Back in October, the Midway Poker Tour was announced, a brand-new poker event founded by Dan Bekavac. The tournament garnered a lot of buzz, especially after there had been a lack of major live event gaming in 2020 due to the COVID-19 pandemic. A total of 266 players took part in the event, which had a $1,100 buy-in. However, once it was time to award the prizes, players were given precious metals. The outcome of the event was a huge mess and Bekavac was nowhere to be found as the metal prizes were being handed out, nor has he been since then. Now, he has popped up during the Mid-States Poker Tour Grand Falls event.
It is surprising to find Bekavac taking part in a major event, out in the open, especially after the backlash he received due to the issues involving the Midway Poker Tour. Players who earned a payout during the Midway event have still not been settled with and Bekavac does not seem worried about it.
Not a Good Move
Bekavac took part in the recent Grand Falls event and bought in on Day 1a and 1b but he did not advance in the tournament to Day 2. Players were not happy to see his face and felt that he shouldn’t have been allowed to compete.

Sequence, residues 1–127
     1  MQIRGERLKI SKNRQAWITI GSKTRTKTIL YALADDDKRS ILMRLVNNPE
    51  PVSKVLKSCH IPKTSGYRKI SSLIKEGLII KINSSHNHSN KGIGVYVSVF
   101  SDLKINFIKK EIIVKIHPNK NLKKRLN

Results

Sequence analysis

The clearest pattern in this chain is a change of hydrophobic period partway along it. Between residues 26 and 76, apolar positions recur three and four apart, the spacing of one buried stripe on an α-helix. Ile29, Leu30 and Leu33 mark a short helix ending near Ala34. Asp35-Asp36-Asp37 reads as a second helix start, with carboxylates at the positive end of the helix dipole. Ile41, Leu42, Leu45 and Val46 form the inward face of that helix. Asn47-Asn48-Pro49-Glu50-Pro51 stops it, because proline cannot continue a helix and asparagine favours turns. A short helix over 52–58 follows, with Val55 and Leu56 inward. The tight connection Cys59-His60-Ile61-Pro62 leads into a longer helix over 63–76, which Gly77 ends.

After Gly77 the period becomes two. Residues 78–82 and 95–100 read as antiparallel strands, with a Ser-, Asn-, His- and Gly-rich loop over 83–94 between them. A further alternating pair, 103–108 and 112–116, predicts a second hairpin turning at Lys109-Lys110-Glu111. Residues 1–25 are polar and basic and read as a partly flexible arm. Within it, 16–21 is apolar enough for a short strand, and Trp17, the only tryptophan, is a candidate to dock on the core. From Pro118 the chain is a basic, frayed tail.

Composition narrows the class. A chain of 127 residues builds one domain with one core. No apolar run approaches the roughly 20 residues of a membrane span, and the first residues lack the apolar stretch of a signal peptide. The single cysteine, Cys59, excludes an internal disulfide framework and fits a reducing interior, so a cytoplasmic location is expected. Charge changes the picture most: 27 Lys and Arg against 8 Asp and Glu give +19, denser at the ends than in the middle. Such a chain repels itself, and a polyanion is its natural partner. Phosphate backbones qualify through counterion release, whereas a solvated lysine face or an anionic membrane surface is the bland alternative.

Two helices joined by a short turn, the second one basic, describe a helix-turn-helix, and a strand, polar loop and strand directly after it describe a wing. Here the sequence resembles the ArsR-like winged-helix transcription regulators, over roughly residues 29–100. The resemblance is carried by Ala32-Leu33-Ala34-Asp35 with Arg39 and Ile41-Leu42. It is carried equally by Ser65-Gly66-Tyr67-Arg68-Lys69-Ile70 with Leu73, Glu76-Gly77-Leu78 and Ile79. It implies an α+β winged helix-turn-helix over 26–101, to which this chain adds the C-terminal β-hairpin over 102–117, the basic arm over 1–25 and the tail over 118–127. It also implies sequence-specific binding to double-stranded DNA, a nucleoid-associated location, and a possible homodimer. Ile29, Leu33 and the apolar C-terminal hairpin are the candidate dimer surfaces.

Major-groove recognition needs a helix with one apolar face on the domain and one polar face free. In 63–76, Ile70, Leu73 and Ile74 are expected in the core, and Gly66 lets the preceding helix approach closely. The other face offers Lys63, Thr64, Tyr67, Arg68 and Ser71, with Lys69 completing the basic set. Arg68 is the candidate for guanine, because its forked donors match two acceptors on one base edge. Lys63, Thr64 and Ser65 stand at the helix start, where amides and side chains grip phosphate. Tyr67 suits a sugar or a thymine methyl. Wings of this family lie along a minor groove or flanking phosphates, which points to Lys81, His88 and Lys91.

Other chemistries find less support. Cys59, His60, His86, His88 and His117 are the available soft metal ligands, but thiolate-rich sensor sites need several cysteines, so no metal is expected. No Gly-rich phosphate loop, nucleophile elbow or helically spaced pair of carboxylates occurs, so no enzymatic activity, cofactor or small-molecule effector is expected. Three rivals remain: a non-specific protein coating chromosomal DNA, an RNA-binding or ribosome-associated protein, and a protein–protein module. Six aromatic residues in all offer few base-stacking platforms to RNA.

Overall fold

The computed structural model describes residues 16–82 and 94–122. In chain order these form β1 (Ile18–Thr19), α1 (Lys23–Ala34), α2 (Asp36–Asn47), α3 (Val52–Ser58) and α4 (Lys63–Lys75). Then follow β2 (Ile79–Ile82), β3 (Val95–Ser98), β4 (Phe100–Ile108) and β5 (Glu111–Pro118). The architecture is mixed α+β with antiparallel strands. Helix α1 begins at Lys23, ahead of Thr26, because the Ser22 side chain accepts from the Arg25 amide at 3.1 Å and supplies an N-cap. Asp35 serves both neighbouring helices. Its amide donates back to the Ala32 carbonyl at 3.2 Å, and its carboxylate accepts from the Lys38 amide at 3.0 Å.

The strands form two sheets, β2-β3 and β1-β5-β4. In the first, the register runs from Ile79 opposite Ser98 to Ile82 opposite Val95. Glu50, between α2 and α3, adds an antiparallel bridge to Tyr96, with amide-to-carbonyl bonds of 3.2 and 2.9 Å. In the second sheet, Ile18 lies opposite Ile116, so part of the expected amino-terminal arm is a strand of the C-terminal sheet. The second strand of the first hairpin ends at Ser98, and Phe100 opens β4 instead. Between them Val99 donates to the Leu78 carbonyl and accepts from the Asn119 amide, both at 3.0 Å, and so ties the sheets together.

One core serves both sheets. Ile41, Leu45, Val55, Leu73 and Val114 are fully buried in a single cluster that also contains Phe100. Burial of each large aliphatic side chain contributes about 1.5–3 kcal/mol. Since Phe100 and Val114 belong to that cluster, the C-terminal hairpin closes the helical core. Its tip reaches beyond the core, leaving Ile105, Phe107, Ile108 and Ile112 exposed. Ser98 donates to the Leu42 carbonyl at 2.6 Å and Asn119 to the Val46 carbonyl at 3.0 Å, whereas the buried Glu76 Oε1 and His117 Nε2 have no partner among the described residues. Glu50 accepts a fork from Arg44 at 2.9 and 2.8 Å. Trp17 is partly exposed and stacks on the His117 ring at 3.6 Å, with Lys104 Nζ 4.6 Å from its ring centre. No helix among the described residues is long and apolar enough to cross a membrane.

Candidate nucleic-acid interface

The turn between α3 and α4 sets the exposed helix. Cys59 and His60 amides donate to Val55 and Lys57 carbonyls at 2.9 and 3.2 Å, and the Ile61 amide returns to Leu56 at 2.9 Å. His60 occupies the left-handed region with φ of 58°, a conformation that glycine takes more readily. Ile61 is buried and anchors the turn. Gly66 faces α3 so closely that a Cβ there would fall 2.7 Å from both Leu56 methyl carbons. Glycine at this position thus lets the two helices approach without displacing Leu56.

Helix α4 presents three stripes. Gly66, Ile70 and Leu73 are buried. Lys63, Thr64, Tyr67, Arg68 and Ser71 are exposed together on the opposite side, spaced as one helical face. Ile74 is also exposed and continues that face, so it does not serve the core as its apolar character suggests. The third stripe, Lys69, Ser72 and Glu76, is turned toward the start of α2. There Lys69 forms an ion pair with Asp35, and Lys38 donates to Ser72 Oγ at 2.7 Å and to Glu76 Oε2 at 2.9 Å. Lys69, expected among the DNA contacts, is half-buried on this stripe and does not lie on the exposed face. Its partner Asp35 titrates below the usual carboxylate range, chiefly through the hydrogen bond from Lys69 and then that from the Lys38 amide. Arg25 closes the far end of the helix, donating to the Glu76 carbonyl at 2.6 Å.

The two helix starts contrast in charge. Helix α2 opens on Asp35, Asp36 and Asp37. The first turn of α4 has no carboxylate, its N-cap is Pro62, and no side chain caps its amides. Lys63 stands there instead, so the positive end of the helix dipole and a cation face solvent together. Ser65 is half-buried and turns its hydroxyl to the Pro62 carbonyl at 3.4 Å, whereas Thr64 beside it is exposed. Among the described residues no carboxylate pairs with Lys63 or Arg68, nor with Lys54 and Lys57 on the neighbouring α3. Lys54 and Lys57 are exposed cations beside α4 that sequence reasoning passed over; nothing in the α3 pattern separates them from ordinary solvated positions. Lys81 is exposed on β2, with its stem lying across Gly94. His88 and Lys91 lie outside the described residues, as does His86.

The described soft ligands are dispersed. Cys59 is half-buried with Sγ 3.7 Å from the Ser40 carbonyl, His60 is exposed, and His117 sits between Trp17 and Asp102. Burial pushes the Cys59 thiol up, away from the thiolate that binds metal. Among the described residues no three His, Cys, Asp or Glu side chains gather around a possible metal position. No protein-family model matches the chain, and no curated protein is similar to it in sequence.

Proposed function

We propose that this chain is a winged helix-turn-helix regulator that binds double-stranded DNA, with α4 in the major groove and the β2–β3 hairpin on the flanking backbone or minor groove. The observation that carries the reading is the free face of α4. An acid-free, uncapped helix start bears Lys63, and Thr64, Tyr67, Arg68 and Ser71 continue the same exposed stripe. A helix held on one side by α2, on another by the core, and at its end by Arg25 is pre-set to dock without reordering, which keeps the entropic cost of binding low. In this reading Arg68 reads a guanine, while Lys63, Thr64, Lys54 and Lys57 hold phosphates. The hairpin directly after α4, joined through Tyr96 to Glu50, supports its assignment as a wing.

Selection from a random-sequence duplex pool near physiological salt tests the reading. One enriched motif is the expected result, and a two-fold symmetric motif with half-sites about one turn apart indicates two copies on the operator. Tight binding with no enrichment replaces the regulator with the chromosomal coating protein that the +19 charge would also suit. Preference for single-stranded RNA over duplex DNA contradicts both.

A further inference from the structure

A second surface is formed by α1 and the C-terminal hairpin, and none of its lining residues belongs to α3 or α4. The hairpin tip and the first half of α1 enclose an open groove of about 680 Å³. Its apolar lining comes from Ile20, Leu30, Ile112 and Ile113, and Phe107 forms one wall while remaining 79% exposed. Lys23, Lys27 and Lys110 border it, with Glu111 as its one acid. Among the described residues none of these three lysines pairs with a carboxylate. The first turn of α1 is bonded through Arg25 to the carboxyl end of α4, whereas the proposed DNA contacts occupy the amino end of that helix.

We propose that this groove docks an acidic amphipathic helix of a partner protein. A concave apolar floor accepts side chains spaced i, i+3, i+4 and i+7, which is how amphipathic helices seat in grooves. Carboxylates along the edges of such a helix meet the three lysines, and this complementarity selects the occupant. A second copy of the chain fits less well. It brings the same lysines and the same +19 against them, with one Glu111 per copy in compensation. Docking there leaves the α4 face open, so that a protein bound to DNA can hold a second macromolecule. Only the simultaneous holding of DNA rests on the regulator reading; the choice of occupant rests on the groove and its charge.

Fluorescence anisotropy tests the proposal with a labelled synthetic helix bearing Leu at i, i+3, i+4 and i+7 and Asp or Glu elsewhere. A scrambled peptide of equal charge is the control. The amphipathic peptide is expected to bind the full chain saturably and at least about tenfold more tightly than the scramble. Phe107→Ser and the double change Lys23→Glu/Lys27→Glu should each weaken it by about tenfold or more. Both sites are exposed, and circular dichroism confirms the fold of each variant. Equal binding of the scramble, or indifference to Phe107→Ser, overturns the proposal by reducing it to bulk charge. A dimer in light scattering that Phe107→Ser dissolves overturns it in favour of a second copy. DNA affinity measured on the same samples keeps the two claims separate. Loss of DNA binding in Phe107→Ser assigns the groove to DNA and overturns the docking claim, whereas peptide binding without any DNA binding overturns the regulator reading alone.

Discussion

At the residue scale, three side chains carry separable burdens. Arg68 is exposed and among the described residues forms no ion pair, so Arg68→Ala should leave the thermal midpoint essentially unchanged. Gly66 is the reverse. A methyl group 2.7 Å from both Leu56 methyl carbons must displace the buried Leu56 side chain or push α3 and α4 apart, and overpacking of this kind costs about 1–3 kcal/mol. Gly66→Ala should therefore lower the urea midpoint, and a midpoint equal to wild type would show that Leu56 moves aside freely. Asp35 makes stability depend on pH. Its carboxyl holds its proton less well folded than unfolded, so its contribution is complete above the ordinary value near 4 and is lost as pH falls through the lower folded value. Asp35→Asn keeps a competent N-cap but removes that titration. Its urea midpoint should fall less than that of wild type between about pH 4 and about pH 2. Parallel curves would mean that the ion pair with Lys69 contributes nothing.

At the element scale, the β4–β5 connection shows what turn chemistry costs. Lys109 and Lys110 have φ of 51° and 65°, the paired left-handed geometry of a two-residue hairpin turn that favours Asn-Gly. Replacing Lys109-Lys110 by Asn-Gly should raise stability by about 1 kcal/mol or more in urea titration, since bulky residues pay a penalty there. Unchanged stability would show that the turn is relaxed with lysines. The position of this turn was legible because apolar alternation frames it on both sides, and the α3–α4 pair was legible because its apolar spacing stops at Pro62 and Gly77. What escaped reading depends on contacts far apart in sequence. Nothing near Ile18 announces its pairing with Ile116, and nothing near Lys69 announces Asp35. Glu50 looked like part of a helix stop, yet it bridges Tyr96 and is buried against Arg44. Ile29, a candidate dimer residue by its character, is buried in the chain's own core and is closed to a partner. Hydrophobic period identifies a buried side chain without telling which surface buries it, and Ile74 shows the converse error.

Players were pointing out on social media that they were surprised he even showed up after what happened with the Midway. One player in the tournament had a friend who was being belittled by Bekavac after losing a hand. Bekavac ended up being called a name with a fellow player saying ‘Let’s ask the poker world what they think about you?’ To which Bekavac said nothing.
To his credit, Bekavac took the heat during the event. However, it will be surprising to see him show his face again during a big event, as players are not letting it slide what took place regarding the Midway Poker Tour.
Imagine competing in a poker event and excepting to win thousands of dollars after finishing in the top ten. Only to find out that your prize will be precious metals. According to the rules in Illinois, where the tournament took place, only $500 cash can be paid on top of the cost of the buy-in to players.
The state allows charity gaming events in this manner. So, for those who did finish well, they would only receive a small amount of cash and the rest in precious metals. Reportedly, there was supposed to be someone on hand to provide cash in exchange for the metals. However, that didn’t happen as well.
The huge mess left a dark mark in the poker world and was a low point last year. Players are still trying to receive what they owed months after the tournament was concluded.